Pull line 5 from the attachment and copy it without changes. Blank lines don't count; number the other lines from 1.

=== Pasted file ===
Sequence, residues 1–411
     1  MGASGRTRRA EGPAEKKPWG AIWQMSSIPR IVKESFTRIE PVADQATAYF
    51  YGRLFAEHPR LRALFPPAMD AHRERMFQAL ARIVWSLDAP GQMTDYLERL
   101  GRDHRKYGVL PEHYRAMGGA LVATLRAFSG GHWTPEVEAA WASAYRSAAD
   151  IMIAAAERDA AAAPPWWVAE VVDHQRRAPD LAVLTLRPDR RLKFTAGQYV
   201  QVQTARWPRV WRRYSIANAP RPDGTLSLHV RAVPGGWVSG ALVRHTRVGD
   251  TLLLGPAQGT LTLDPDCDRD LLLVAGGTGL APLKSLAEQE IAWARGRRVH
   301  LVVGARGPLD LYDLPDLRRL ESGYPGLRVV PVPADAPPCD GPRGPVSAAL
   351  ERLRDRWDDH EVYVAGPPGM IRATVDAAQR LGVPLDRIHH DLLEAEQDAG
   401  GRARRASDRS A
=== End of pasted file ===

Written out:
   151  IMIAAAERDA AAAPPWWVAE VVDHQRRAPD LAVLTLRPDR RLKFTAGQYV